Or, "Boom! Shake-shake-shake the room"
Happy White Day! Don't worry, I'm not celebrating Aryan supremacy. As well as being Pi Day, today is exactly one month after Valentine's Day (or VD, as I like to abbreviate it). In Japan, VD is a strictly one-way affair, where women are expected to give gifts to men. The gifts invariably feature chocolate. However, gift-giving is not limited to those with whom one has romantic ambitions; tradition dictates that any male friends or colleagues should get some chocolate. Thus, upon receiving a gift, a gentleman must assess whether it is honmei choco ("true feeling chocolate") or merely giri choco ("obligation chocolate" - mmm, obligation).
My sole VD gift was a tasty chocolate cake from Marie. Since she is a married woman of slightly more advanced years than myself, it's fairly clear which category this belonged to. So, flash forward a month, and it is my turn to reciprocate. The return present should be white, and can be a non-edible item such as jewellery or lingerie. As evolutionary psychology predicts, it should be more valuable than the initial gift - three times more so, in fact. I went to my local cake shop, which was doing a brisk trade, and got an 'angel white cube cake'. I was particularly pleased that I managed to read the kanji for 'angel' ('heaven' + 'use' = 'angel'). Although I suspect I didn't uphold the threefold rule, my gift seemed to go down well.
I was invited in for coffee and angel cake, and the main topic of conversation was the previous night's earthquake. On saturday evening I was chatting to my brother on Skype, and strangely enough he was asking me about my experience of earthquakes in Japan, which thus far had extended to three minor tremors that had failed to even rattle teacups. The conversation moved on, but about 20 minutes later I felt my house start to shake. After a few seconds of run-of-the-mill quaking, a sudden jolt shook my window panes, set my lights swinging, and dislodged a couple of precariously placed items from the top of my bookshelf. Over the webcam, Blair could see me swaying like I was on a bus that had just hit a pothole. For the first time, I was actually scared by the quake, and as my fight-or-flight reflex kicked in I seriously thought about darting under my desk.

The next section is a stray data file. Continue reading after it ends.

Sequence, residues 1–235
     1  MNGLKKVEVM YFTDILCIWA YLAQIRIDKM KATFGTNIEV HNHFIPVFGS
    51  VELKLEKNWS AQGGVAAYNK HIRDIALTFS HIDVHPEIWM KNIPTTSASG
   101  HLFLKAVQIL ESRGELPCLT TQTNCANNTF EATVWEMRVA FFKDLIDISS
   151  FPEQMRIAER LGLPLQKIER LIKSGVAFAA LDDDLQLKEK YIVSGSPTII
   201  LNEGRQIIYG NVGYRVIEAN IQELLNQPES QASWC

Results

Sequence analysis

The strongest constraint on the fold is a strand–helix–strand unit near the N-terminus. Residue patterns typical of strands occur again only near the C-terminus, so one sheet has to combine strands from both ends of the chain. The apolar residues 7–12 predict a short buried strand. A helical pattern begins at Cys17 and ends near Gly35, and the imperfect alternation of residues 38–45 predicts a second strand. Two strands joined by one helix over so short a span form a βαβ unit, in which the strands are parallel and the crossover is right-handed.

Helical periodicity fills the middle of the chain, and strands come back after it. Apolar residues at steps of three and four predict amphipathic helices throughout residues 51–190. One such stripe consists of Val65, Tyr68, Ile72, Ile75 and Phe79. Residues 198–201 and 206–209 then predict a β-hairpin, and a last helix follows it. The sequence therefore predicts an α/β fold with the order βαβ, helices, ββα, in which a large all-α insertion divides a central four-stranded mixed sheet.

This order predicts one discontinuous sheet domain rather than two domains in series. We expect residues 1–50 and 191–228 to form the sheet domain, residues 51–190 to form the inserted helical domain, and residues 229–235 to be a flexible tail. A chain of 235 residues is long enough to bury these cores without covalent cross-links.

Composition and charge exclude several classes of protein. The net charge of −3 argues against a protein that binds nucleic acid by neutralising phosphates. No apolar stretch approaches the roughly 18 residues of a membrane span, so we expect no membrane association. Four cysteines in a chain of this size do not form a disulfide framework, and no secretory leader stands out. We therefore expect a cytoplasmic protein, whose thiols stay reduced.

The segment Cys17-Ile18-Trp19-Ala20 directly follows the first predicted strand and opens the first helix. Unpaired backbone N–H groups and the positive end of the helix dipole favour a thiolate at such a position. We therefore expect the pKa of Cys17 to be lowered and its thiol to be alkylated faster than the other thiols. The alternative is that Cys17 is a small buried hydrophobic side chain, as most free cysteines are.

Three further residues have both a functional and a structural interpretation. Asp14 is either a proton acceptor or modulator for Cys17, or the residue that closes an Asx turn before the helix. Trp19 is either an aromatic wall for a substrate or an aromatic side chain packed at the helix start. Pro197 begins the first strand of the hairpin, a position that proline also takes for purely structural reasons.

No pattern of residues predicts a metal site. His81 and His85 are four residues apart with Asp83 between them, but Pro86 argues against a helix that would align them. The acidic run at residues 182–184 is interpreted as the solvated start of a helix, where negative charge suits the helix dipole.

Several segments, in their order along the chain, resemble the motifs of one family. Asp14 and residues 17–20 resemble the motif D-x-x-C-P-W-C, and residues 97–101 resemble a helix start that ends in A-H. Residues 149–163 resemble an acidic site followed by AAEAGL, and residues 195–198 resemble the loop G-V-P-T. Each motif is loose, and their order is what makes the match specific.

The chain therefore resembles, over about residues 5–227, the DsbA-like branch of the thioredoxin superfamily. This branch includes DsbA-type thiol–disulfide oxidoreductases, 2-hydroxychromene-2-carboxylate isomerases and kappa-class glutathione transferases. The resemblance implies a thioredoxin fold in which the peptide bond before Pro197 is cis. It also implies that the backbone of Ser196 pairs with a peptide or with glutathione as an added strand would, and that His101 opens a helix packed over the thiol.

The Japan Meteorological Agency puts earthquake data online within minutes, allowing you to play the fun game of guess the epicentre. Was it a minor tremor a few tens of kilometers away, or is Osaka now a smoldering pile of rubble? It turns out this was a 5.7 just off the east coast of Japan, about 130km from me. 5.7 is nothing to be sneezed at; on the map all of the monitoring stations in northern Honshu were lit up like a Christmas tree. Within minutes, texts were coming in asking if I was ok.
So, having exchanged earthquake stories with Marie this afternoon, I returned home, and was in the midst of shaving when I felt the now familiar sensation of my house moving. Being a little more cocky this time, I rushed to the window (probably just about the worst thing to do), reasoning that if cracks were about to start opening up in the street, that was definitely something I wanted to see. That didn't happen, but I was pleased to note my car rocking noticeably on its suspension. The shaking hadn't quite stopped when I felt a more localised tremor in my pocket. It was Marie on the phone, breathlessly exclaiming "Wow, another one" (in Japanese). No shit, Sherlock-san.
Though I don't think it felt as strong as yesterday's one, this turned out to be a 6.6 originating from roughly the same place, thus retroactively demoting that quake to a foreshock. Maybe I'm just getting desensitized to seismic events. This one was felt in Tokyo, so it was the lead story on the evening news here. They have a early-warning system here, but it can only predict quakes seconds before they hit. Thus, NHK apparently interrupted live sumo coverage to warn people to take cover, which I really wish I'd seen.
Catch you later, assuming this isn't the start of some 2012-style apocalypse.